Sunday, November 22, 2009

Maybe I'll write a story

I read the following passage in one of Tolle’s publications. I'’m thinking, I want to write a story based on this pain model of his. I don’t think it is plagiarism:

“The greater part of human pain is unnecessary. It is self-created as long as the unobserved mind runs your life.

”The pain that you create now is always some form of non-acceptance, some form of unconscious resistance to what is. On the level of thought, the resistance is some form of judgment. On the emotional level, it is some form of negativity. The intensity of the pain depends on the degree of resistance to the present moment, and this in turn depends on how strongly you are identified with your mind. The mind always seeks to deny the Now and to escape from it. In other words, the more you are identified with your mind, the more you suffer. Or you may put it like this: the more you are able to honor and accept the Now, the more you are free of pain, of suffering – and free of the egoic mind…

”In a fully functional organism, an emotion has a very short life span. It is like a momentary ripple or wave on the surface of your Being. When you are not in your body, however, an emotion can survive inside you for days or weeks, or join with other emotions of a similar frequency that have merged and become the pain-body, a parasite that can live inside you for years, feeds on your energy, lead to physical illness, and make your life miserable.

”So place your attention on feeling the emotion, and check whether your mind is holding on to a grievance pattern such as blame, self-pity, or resentment that is feeding the emotion. If that is the case, it means that you haven’t forgiven. Non-forgiveness is often toward another person or yourself, but it may just as well be toward any situation or condition – past, present, or future – that your mind refuses to accept. Yes, there can be non-forgiveness even with regard to the future. This is the mind’s refusal to accept uncertainty, to accept that the future is ultimately beyond its control. Forgiveness is to relinquish your grievance and so to let go of grief. It happens naturally once you realize that your grievance serves no purpose except to strengthen a false sense of self. Forgiveness is to offer no resistance to life – to allow life to live through you. The alternatives are pain and suffering, a greatly restricted flow of life energy, and in many cases physical disease.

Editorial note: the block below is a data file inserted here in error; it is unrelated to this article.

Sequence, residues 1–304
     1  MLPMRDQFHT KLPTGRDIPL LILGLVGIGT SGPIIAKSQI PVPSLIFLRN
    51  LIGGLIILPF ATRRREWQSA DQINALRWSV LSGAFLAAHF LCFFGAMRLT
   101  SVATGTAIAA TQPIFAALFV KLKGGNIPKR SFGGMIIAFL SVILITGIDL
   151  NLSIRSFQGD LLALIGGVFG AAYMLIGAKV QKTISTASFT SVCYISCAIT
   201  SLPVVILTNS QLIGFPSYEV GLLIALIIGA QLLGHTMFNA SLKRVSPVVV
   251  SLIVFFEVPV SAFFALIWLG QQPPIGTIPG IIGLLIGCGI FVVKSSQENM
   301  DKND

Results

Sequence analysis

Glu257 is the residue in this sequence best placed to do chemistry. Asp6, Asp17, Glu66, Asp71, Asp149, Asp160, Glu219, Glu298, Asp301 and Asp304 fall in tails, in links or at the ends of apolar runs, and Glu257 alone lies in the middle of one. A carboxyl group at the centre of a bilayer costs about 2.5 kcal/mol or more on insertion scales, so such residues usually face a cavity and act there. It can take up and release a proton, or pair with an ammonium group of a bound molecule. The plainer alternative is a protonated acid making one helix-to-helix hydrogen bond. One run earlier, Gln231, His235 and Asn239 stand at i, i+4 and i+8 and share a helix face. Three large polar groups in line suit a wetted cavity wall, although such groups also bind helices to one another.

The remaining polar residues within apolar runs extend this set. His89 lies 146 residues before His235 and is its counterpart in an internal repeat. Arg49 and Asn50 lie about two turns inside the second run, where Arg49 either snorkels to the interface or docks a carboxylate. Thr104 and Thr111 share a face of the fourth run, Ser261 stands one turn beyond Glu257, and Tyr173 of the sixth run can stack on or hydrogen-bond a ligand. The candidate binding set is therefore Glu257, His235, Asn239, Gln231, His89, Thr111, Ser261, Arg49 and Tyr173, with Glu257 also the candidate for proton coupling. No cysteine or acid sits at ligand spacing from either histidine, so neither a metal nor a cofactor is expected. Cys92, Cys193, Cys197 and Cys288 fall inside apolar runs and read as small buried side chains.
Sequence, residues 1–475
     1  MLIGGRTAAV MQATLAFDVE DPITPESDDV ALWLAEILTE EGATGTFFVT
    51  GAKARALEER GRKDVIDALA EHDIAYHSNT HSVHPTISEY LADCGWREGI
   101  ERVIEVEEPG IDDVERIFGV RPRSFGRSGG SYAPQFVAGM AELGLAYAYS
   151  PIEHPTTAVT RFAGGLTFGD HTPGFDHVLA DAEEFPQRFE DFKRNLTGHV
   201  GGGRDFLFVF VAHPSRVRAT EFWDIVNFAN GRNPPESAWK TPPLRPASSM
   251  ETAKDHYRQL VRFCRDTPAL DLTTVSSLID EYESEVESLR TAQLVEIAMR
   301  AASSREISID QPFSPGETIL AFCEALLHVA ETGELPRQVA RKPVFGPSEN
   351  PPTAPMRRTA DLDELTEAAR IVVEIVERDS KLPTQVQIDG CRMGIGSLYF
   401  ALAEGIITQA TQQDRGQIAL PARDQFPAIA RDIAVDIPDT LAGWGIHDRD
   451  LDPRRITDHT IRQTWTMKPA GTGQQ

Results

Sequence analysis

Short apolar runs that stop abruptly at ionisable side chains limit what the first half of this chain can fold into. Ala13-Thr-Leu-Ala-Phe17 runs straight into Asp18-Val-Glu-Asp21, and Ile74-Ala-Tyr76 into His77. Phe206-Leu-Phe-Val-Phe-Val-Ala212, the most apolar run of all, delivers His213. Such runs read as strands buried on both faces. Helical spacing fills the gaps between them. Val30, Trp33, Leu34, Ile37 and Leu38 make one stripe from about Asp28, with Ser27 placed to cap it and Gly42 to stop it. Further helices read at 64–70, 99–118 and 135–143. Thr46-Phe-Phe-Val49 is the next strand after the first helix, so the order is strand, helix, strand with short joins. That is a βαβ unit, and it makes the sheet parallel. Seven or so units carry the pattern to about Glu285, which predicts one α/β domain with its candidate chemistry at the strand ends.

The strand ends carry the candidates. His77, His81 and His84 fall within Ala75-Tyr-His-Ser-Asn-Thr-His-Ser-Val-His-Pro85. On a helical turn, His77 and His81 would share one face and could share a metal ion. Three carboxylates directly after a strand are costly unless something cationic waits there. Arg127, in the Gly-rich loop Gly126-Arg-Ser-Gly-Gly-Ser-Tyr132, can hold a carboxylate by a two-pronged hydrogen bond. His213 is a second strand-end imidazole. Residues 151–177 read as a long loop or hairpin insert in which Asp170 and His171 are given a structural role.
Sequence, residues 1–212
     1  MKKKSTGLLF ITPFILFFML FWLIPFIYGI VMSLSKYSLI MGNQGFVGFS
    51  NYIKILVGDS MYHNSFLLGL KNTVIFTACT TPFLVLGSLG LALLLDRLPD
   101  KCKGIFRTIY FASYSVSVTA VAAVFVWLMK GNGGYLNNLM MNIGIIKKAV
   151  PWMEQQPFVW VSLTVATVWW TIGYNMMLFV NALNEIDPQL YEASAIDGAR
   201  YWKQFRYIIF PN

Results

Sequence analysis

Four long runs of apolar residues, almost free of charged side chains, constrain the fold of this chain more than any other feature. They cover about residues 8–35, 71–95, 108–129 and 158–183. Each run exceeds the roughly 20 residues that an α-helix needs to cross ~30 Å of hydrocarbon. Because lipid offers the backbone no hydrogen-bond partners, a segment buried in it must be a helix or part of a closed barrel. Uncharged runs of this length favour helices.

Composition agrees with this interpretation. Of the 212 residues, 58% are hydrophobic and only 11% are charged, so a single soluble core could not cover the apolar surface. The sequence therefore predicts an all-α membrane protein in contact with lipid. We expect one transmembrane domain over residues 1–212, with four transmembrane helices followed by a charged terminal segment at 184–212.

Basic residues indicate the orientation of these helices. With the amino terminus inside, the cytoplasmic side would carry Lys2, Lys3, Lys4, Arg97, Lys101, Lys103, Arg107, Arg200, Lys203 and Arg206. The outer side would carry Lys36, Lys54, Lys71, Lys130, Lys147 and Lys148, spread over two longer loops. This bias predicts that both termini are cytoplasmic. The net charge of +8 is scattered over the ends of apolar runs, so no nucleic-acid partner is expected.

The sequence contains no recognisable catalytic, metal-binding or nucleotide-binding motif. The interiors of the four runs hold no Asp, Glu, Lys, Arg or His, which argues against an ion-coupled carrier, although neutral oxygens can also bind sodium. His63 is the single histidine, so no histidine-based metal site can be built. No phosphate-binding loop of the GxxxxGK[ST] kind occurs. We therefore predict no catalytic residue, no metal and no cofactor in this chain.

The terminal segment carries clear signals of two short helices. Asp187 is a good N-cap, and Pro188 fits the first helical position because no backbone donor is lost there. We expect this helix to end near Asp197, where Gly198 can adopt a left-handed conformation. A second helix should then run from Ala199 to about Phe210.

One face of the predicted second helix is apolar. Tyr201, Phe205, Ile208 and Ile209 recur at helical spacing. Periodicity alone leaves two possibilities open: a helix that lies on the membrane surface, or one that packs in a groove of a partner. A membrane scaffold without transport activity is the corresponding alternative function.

”The pain-body has an extremely powerful energetic charge that can easily pull you into unconscious identification with it. You are then actively possessed by an energy field that occupies your inner space and pretends to be you – but, of course, is not you at all. It speaks through you, acts through you, thinks through you. It will create negative situations in your life so that it can feed on the energy. It wants more pain, in whatever form. It is pure pain, past pain – and it is not you.”

My idea for the story is this; two people, each with his own pain body with vastly different causes and dimensions and energy, get together and move into a relationship. At first they don’t realize that the attraction is between the two egos, the two pain energies that want to continue and perpetuate the pain in an ever worsening spiral. The two compliment one another perfectly—say the one is stuck in blame and resentment and the other in fear and approval seeking. The dance continues and deepens. Only one of them realizes how their underlying energies are destroying the relationship and tries to change habits and patterns. In the story the thoughts and journaling of the one who realizes the underlying dynamic is used to communicate this hidden plot to the reader. The rest of the story is form and what the world sees. The struggle is between the one who wants to become real and the other who unconsciously wants to remain in denial. Ultimately they either destroy the relationship or both become real and start working towards their fulfilment.